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Why does Natural Childbirth often create Outrage in the Female Community?

Jessica Alba gave birth naturally!

Googling “Natural Childbirth” is always interesting! As I was playing with it the other day, I found this 2 year-old BBC-News article in which a male midwife proclaimed that “childbirth pain is a good thing”.  Though, I think I got his point (no medication is better for mom and babies), he expressed  it so poorly that it was drowned in chauvinism and triggered only controversy and outrage. I think it might be the journalist’s doing. But it’s irrelevant… The point is that “Natural Childbirth” produces “outrage” more often than not. Just read the comments on VS model Gisele’s painfree birth or those of Jessica Alba‘s natural birth and you will see what I mean…
Why do you think that is?
In an attempt to answer this question, let me tell you about the story of a client of mine. In my early years of practice as a doula, this client of mine had a very comfortable labor except for the last hour when she received pitocin in her I.V. She was very close to giving birth and she “made it” without pain medication! Details are unimportant for the message I mean to convey but the most important thing was her elation at the moment and the pride and self-worth she carried for months after the birth. Now this is the interesting part, she admitted to me a few months later that she could not tell her friends and even some of her relatives about how easy her birth was (it was a 12-hour labor with only the last hour being “challenging” in terms of comfort which by me is not that easy but to her it was). Each time she would attempt to talk about it, she would feel the uneasiness in the group, women looking away or down, avoiding eye contact. No one wanted to hear it, and she became ashamed of mentioning her experience and refrained herself from sharing the wonderful feelings it gave her… Again, why do you think telling your great experience of birth triggers such reaction IN WOMEN?
In this case, my clients’ friends were well-educated, upper class you would say, and all had medicated birth, many ended up with a c-section. I don’t think any of them had hired a doula and they had taken the hospital childbirth class. Just like the majority of couples in this country… And please, understand that there is no judgment on my part in women’s choice for birth. I am just wondering if they (the majority) don’t care or don’t believe in unmedicated, undisturbed birth, why do they get so upset to hear about those other women who experience something so different that it seems made up fantasy!?
I have my own idea about it but I really would like to know what you think, all of you out there, reading and learning about natural childbirth. I know the curiosity is there! I know many don’t want to accept the only choice the healthcare system is giving us… But then what is so upsetting about hearing or reading the wonderful stories of painfree (or almost) childbirth?
Don’t we have an obligation to let the world know? Don’t we need to get ALL the information out, not only what the society declares acceptable? If we (women who have experienced or witnessed blissful, undisturbed births) tell our stories, at least, the newly pregnant women have a chance of making the best decision aware of all their options, all that’s possible!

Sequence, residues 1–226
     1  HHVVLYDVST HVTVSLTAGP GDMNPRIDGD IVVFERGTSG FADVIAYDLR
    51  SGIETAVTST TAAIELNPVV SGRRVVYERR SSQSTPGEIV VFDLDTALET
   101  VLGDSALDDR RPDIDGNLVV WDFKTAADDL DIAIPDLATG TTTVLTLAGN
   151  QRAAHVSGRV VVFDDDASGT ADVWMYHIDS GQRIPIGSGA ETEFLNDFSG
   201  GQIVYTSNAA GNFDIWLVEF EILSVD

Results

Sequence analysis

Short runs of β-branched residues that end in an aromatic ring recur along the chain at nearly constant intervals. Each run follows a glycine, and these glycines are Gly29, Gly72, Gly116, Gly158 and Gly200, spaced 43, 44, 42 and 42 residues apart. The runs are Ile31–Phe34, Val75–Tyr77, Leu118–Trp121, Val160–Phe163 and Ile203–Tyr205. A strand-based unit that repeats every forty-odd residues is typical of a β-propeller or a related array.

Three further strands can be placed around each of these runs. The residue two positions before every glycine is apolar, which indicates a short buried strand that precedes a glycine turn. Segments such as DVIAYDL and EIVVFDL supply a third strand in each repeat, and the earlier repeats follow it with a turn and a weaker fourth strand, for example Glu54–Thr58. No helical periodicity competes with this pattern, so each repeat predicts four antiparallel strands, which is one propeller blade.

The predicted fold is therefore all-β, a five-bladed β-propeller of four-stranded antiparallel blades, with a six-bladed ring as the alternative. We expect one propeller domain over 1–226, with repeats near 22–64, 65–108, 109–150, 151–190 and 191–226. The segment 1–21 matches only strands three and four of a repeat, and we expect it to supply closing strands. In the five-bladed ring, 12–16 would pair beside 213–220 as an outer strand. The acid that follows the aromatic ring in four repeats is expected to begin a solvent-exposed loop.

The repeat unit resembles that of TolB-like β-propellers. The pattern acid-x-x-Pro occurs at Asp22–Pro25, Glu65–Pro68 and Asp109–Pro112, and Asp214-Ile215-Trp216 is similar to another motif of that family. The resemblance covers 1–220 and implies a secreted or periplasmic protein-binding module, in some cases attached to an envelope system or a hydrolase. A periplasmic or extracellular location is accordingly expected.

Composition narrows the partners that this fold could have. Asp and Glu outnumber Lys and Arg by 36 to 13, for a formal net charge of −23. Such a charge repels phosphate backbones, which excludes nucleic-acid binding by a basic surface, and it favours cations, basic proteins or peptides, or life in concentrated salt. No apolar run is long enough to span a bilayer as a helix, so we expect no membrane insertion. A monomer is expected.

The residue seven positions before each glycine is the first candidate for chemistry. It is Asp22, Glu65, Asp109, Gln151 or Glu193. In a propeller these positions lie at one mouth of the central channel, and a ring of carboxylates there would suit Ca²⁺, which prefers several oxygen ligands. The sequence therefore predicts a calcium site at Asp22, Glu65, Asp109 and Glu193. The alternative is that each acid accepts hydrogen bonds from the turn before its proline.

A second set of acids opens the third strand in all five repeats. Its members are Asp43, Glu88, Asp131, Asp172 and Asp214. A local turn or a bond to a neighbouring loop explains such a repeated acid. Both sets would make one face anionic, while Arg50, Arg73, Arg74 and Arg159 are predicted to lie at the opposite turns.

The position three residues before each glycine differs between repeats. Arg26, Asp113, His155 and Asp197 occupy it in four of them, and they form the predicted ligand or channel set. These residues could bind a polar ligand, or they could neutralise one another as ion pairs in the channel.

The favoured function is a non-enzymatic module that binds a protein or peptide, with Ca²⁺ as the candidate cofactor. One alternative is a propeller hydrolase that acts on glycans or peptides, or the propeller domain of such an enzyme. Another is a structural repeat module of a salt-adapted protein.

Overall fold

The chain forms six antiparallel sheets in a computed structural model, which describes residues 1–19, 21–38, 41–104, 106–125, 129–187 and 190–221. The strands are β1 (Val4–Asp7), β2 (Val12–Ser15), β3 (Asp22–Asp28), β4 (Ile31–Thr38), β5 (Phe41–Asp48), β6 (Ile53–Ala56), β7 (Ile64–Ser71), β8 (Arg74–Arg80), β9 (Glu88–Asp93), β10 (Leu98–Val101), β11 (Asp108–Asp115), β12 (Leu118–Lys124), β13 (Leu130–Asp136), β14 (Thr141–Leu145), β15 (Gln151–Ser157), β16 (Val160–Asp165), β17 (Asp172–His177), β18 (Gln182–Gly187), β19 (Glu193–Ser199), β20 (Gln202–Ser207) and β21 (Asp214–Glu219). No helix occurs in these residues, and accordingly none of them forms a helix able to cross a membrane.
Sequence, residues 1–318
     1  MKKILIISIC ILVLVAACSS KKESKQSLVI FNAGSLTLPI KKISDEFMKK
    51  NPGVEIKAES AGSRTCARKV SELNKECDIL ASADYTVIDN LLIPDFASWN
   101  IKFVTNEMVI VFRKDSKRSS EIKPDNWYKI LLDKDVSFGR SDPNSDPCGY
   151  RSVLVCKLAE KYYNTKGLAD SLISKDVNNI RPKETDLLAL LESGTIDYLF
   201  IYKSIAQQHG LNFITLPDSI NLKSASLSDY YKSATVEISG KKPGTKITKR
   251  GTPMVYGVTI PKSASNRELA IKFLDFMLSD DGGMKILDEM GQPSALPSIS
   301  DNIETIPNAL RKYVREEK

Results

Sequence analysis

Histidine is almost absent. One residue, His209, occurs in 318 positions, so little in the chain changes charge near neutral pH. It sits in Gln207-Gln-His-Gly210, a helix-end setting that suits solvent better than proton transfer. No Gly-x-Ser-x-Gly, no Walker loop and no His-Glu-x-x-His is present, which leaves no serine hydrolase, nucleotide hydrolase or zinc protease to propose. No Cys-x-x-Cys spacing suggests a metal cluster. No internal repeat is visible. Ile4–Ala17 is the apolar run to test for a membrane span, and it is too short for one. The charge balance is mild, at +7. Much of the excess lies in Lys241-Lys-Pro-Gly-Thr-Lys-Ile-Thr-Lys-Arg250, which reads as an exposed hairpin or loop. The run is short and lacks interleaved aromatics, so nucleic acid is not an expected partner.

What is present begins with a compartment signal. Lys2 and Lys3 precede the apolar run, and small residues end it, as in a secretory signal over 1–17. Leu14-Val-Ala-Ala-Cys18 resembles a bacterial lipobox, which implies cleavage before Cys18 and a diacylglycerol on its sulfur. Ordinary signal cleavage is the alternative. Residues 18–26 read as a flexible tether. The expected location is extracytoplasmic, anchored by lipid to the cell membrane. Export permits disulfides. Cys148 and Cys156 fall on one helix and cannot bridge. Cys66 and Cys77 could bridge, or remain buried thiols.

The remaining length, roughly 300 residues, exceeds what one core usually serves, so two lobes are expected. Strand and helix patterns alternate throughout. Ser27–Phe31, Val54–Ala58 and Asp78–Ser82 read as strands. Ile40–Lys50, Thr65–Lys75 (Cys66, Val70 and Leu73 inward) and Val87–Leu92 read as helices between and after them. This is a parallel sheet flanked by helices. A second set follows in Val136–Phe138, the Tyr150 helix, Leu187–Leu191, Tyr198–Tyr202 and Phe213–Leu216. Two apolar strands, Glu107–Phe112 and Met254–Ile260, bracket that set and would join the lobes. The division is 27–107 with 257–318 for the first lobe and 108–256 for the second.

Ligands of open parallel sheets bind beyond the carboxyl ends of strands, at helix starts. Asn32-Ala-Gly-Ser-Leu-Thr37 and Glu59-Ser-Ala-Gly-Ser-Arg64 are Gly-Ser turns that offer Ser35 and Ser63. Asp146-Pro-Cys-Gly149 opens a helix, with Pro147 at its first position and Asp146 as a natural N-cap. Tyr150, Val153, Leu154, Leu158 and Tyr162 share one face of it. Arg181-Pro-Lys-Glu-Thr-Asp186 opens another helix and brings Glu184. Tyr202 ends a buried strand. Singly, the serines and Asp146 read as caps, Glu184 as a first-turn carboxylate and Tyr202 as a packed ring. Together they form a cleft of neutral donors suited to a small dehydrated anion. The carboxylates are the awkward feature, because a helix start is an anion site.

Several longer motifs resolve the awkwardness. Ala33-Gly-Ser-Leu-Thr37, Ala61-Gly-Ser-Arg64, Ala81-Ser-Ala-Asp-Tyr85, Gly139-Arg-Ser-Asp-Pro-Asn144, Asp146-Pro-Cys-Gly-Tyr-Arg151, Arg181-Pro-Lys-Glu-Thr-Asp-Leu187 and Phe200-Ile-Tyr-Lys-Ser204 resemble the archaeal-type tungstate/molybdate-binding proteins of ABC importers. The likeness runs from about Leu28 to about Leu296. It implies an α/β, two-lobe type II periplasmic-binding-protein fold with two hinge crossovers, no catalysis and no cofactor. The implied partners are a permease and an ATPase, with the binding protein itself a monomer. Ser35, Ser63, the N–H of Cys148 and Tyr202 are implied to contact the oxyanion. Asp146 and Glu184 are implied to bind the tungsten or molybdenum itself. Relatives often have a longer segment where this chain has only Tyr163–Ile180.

Nothing is worst in life then regret! So lets get the information out for all women BEFORE they experience childbirth so there will never be another “I wish I had known this BEFORE!”

After that the choice is entirely yours!

4 Comments

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  1. Randall - October 4, 2010 at 1:47 pm

    I think it is a comon human experience to make one’s experience wrong especially when our experience failed to meet our expectations. Our feeling bad seems tied to the illusion that we are isolated or alone in our journey. We are of course inseperable and one person’s triumph is, in fact, shared by all.

    • admin - October 4, 2010 at 3:28 pm

      My husband never seizes to amaze me! His insight and understanding of human nature is so profound… That is why I want him teaching with us (Barbara Harper and I) to give all birth professionals and all of you “natural women” the best of the best support at birth, and before and after too!

  2. Tracey - October 9, 2010 at 7:13 am

    Nadine I love your posts! This is a very, very good question indeed. I think positive natural birth stories might bring up feelings of loss for some women who didn’t achieve them. I have heard negative natural birth stories as well, but …not very many. Women need to accept that we should be able to share our experiences including the positive ones. We are certainly bombarded by negative stories all the time and are left to say nothing as to not make anyone feel worse about the experience. When medical interventions might have been the cause of negative experiences these women have to accept those choices which might be difficult. On the other hand when a woman is on cloud nine about her experience it seems to be so foreign to people that they doubt it or try to stifle it. That is
    saying something.

    • admin - October 9, 2010 at 11:51 am

      Yes, Tracey, I agree! It is difficult for women to accept that they may not have chosen the best road… If they only would see that -1- no one is judging them for their choices (except themselves), -2- perhaps that is precisely that attitude (we may call “denial”) that perpetuates the trend…and -3- they can always reverse the “trauma” that this particular experience created in their body and the emotional impact it still carries!
      Anybody found themselves there before?

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